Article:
Carbon fluxes in natural plankton communities under elevated CO2 levels: a stable isotope labeling study

The potential impact of rising carbon dioxide (CO2) on carbon fluxes in natural plankton communities was investigated during the 2005 PeECE III mesocosm study in Bergen, Norway. Triplicate mesocosms, in which a phytoplankton bloom was induced by nutrient addition, were incubated with 1×(~350 μatm), 2×(~700 μatm), and 3× present day CO2(~1050 μatm) levels for 3 weeks. 13C labeled bicarbonate was added to all mesocosms to follow the transfer of carbon from dissolved inorganic carbon (DIC) into phytoplankton and subsequently heterotrophic bacteria, zooplankton, and settling particles. Isotope ratios of polar lipid fatty acids (PLFA) were used to infer the biomass and production of phytoplankton and bacteria. Phytoplankton PLFA were enriched within one day after label addition, while it took another 3 days before bacteria showed substantial enrichment. Group-specific primary production measurements revealed that coccolithophores grew faster than green algae and diatoms. Elevated CO2 had a significant positive effect on post-bloom biomass of green algae, diatoms, and bacteria. A simple model based on measured isotope ratios of phytoplankton and bacteria revealed that CO2 had no significant effect on the carbon transfer efficiency from phytoplankton to bacteria. There was no indication of enhanced settling based on isotope mixing models during the phytoplankton bloom. Our results suggest that CO2 effects are most pronounced in the post-bloom phase, under nutrient limitation.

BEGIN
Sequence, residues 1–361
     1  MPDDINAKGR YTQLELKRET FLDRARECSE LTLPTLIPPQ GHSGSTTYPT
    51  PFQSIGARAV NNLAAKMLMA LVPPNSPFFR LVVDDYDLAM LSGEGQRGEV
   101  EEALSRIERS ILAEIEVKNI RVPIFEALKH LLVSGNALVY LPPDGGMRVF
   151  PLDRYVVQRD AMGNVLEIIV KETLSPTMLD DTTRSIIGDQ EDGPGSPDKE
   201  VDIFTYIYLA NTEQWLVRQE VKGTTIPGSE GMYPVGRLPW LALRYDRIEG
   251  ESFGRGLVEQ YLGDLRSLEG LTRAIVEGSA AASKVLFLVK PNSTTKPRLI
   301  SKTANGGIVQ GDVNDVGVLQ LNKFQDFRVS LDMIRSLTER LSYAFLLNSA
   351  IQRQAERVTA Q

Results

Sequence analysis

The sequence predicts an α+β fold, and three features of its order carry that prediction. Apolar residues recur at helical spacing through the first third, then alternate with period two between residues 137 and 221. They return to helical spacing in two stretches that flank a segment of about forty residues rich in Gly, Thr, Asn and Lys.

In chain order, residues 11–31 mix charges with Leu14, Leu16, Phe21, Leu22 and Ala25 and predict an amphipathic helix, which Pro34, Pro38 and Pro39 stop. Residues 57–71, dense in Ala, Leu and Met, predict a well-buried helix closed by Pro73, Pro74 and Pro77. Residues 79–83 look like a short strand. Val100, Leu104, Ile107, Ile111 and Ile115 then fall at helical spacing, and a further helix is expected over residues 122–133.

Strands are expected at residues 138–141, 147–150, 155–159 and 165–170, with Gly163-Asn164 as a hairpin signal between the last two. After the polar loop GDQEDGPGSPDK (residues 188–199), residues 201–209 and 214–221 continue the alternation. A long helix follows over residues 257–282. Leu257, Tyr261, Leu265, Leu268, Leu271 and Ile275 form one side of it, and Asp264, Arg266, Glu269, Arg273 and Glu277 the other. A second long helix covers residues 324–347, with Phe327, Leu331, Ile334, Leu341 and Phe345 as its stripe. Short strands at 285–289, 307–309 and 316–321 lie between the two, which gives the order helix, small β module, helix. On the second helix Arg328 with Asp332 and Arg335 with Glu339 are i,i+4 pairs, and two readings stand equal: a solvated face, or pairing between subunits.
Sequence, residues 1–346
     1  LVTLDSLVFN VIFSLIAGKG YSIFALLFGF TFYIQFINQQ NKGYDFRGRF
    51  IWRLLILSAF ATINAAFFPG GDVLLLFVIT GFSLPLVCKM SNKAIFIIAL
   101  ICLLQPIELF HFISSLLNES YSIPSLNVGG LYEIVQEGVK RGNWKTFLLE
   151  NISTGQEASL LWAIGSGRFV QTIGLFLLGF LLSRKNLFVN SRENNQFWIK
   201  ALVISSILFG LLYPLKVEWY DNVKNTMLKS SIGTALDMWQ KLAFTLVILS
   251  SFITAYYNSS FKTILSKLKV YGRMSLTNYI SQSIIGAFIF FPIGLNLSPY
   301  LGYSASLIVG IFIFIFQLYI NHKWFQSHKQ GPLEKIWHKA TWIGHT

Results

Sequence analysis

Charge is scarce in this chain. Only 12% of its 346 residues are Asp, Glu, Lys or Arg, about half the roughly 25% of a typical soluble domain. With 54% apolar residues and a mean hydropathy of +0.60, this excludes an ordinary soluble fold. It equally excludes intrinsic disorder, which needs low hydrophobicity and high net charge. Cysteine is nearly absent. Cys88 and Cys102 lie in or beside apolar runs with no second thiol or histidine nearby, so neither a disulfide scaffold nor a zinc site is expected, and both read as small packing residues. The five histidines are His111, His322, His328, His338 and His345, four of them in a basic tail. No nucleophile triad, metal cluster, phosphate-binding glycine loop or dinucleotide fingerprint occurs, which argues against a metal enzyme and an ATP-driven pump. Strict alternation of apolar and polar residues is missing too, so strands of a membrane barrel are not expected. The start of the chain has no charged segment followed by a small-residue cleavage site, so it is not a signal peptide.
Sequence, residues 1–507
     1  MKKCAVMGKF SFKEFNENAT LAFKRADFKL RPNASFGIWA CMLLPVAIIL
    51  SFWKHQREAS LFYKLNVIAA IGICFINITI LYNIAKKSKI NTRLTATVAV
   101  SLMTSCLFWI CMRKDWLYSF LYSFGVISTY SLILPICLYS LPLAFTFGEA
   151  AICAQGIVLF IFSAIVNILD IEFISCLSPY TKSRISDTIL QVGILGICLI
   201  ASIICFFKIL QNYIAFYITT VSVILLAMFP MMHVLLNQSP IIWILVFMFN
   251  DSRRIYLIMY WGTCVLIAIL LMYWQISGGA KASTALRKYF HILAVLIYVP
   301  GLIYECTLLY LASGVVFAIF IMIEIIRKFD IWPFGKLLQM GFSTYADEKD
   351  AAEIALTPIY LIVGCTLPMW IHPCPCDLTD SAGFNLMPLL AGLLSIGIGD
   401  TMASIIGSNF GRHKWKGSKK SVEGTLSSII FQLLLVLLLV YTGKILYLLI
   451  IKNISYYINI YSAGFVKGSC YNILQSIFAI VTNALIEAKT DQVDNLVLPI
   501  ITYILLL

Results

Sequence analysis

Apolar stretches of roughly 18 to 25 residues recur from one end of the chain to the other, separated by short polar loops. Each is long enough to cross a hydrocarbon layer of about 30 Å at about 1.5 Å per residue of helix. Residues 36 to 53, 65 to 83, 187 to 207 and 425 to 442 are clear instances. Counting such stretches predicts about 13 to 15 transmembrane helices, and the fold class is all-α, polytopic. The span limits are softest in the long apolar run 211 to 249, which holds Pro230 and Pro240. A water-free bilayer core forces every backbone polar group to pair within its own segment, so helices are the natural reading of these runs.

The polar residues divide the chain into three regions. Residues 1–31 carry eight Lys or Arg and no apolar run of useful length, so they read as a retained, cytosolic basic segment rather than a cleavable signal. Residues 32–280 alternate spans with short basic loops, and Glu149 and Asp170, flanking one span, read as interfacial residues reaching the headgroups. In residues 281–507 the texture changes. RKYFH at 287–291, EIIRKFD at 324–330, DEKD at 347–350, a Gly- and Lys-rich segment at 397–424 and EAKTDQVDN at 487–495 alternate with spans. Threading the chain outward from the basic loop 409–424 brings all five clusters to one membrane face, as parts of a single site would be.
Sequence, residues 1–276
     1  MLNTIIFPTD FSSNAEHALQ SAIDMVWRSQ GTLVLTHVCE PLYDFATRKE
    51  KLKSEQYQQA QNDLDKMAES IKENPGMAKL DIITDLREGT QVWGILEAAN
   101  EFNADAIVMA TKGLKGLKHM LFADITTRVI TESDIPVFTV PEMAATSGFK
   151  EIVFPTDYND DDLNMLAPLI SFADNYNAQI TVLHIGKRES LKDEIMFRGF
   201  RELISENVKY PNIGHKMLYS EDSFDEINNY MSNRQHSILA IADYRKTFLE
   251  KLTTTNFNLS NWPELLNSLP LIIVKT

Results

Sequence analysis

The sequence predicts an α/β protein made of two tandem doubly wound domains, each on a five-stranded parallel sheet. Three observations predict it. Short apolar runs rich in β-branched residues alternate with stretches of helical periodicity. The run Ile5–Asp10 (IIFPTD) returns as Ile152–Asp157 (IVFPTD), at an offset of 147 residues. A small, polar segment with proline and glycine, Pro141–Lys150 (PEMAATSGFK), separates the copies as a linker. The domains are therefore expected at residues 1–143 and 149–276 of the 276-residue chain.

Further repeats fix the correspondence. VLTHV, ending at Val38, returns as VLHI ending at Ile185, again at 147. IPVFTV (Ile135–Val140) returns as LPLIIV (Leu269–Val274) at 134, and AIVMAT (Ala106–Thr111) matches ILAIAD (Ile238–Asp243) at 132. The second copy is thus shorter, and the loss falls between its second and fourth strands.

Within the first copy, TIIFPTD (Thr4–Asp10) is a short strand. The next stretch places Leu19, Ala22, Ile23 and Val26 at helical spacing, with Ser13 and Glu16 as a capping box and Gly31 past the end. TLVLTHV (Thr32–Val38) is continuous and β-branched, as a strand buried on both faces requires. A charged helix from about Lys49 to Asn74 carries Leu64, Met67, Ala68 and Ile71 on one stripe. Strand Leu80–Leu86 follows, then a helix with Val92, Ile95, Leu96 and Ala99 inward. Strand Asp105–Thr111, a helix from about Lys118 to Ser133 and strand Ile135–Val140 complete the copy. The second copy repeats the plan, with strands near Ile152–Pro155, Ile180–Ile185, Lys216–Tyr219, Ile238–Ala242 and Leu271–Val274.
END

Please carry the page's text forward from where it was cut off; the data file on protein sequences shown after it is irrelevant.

de Kluijver, A., Soetaert, K., Schulz, K. G., Riebesell, U., Bellerby, R. G. J., & Middelburg, J. J., 2010. Carbon fluxes in natural plankton communities under elevated CO2 levels: a stable isotope labeling study. Biogeosciences Discussions 7(3): 3257-3295. Article.

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